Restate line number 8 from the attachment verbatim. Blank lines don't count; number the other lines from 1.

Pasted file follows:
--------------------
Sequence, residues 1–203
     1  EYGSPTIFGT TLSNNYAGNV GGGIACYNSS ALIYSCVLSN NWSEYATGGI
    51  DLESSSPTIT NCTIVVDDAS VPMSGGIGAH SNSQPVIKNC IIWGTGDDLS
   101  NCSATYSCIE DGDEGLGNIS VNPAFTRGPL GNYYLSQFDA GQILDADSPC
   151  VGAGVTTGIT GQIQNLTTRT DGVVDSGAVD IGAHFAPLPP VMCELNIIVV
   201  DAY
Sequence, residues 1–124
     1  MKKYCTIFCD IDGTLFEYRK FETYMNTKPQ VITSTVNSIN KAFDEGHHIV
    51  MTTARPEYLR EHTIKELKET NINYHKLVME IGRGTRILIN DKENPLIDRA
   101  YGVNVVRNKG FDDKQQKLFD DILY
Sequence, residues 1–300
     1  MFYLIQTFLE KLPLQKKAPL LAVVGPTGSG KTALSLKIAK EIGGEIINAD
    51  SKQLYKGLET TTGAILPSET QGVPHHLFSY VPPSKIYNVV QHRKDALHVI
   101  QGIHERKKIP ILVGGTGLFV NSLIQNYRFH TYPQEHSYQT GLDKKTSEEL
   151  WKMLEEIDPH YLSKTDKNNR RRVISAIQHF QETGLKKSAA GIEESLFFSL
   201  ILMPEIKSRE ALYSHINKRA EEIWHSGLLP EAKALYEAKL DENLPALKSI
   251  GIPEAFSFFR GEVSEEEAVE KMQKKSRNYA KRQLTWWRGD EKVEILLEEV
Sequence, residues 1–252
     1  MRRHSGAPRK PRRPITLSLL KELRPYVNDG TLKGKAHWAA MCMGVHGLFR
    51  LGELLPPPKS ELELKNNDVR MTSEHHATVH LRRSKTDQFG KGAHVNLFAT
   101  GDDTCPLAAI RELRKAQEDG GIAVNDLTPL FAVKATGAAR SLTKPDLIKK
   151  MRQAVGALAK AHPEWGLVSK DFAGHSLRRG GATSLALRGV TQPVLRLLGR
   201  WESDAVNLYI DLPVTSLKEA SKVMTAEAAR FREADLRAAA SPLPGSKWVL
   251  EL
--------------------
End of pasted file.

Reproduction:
     1  MKKYCTIFCD IDGTLFEYRK FETYMNTKPQ VITSTVNSIN KAFDEGHHIV